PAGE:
What Donald Trump’s Mouth Can Teach You About Manifesting Victory

Posted on Feb 24 2016 - 10:38pm by Brandon De Hoyos

022416-brandon-dehoyos-imgBillionaire real estate developer and businessman Donald Trump continues to surge ahead in his quest for the Republican nomination for president, thrice winning first place in contests in New Hampshire, South Carolina and as of Wednesday morning, Nevada.

Love him or hate him, it doesn’t look like Trump is going away, a surprise seemingly to many establishment GOP leaders but not to The Donald himself.

Much has been made about The Apprentice star’s electoral success, but you don’t have to look much further than his mouth to understand just how one of the most underestimated presidential candidates in history has now clenched a chance at an actual nomination for president.

Read His Lips: No Negative Words (About Himself)

Ever notice how Donald Trump never seems to have a critical thing to say when it comes to his performance, or himself personally?

He claims to make the best deals. He says he will be the greatest jobs president that ever lived. He undoubtedly believes he will make America great again.

There’s a good reason to explain Trump’s rise, and it has a lot to do with mindset and the law of attraction. Like a divining rod, your words and your thoughts possess the ability to bring your life to the mountaintop (whatever that means for you).

In the Bible, one scripture in Proverbs talks about the power of life and death being centered in the tongue. Jesus Christ himself said faith (through believing, i.e., your thought life) would allow your to move mountains and to force trees to wither and die at your command.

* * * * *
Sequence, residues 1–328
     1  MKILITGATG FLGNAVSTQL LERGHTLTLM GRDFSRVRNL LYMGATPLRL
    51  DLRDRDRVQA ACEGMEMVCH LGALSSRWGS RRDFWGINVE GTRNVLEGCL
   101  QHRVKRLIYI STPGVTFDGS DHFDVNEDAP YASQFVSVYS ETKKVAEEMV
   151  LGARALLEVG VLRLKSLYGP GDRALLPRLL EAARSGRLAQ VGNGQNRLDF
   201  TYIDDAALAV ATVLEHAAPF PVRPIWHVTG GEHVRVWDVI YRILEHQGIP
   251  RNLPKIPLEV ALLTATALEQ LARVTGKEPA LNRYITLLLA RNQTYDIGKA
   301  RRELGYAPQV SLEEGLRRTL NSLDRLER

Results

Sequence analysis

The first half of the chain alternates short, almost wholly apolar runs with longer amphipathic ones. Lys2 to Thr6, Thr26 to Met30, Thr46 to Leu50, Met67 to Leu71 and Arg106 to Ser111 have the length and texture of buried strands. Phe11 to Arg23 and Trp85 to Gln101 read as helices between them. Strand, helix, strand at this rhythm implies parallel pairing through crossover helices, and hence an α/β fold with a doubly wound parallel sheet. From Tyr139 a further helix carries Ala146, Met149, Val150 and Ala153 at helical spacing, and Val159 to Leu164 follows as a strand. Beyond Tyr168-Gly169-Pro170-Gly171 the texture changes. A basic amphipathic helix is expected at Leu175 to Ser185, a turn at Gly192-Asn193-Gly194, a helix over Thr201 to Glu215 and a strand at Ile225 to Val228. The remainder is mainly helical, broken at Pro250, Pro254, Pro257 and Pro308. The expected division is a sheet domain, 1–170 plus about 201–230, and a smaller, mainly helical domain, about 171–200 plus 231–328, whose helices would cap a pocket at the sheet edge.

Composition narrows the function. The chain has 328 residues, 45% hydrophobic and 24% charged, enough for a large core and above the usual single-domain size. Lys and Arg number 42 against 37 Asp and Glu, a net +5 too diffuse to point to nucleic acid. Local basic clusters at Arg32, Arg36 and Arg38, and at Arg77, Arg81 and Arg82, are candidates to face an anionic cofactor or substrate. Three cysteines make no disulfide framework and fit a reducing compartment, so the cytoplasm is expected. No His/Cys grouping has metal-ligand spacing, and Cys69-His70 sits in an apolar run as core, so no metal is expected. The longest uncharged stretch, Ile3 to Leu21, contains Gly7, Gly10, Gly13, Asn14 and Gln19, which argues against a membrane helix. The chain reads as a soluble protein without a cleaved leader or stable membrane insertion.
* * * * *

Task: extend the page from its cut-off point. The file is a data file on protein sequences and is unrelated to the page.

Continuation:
Other faiths and beliefs draw similar attention to this one incredible truth: Your mindset acts as a steering wheel and a compass for your life.

So, when Donald Trump speaks, he is casting into the universe exactly where he intends to land. So far, he’s manifesting everything he is projecting.

The Power of Positive Thinking

Not surprisingly, Trump very likely learned all of this from his childhood pastor.

Dr. Norman Vincent Peale was an esteemed man of the cloth in New York whose congregation included the young Donald, and his family. Peale was also the best-selling author of the 1952 classic, “The Power of Positive Thinking,” which illustrates the law of attraction at work.

At Marble Collegiate Church, Peale instilled the power of self-confidence into his congregants. But, he also taught Trump something that any and all entrepreneurs cannot take for granted, and that is mindset.

According to Politico, Trump learned to:

“Believe in yourself!” Peale’s book begins. “Have faith in your abilities!” He then outlines 10 rules to overcome “inadequacy attitudes” and “build up confidence in your powers.” Rule one: “formulate and staple indelibly on your mind a mental picture of yourself as succeeding,” “hold this picture tenaciously,” and always refer to it “no matter how badly things seem to be going at the moment.”

Subsequent rules tell the reader to avoid “fear thoughts,” “never think of yourself as failing,” summon up a positive thought whenever “a negative thought concerning your personal powers comes to mind,” “depreciate every so-called obstacle,” and “make a true estimate of your own ability, then raise it 10 per cent.”

When you believe, you begin to receive.

When you project a positive vision, you can expect victory ahead.

It’s the same great message that you’ve heard from real estate investors and entrepreneurs like Lance Edwards (read more of his mindset articles here), Loral Langemeier, and Ron LeGrand.

I have watched the law of attraction at work in my own life time and time again. When you control your mindset, you can control your destiny.

It really is that simple.


Brandon De Hoyos is a producer for the Disney-ABC Television Group. His work has been featured regularly in Deals & Dollars Weekly, in addition to publications and productions by The New York Times Co., Interactive One, Radio One, Time Warner Publications, Teen People, Disney Adventures, and ASP Westward.